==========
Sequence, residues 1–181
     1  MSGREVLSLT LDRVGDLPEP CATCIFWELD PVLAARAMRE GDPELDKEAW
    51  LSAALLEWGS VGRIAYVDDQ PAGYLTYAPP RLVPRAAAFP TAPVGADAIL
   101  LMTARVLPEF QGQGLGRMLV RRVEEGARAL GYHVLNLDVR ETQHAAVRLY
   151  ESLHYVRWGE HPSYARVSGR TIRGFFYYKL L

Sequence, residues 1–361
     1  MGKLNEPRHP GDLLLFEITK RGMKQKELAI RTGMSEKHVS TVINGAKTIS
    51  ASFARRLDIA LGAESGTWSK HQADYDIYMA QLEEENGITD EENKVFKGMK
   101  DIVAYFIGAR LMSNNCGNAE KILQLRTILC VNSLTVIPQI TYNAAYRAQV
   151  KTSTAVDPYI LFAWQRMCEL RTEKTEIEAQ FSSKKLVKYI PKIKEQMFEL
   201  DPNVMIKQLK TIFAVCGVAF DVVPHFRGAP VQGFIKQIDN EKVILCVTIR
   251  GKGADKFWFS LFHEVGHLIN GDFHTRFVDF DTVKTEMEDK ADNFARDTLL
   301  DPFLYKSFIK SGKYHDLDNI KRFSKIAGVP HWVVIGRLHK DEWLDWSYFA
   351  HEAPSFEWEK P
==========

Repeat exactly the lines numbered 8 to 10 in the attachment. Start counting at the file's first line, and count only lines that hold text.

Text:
    51  ASFARRLDIA LGAESGTWSK HQADYDIYMA QLEEENGITD EENKVFKGMK
   101  DIVAYFIGAR LMSNNCGNAE KILQLRTILC VNSLTVIPQI TYNAAYRAQV
   151  KTSTAVDPYI LFAWQRMCEL RTEKTEIEAQ FSSKKLVKYI PKIKEQMFEL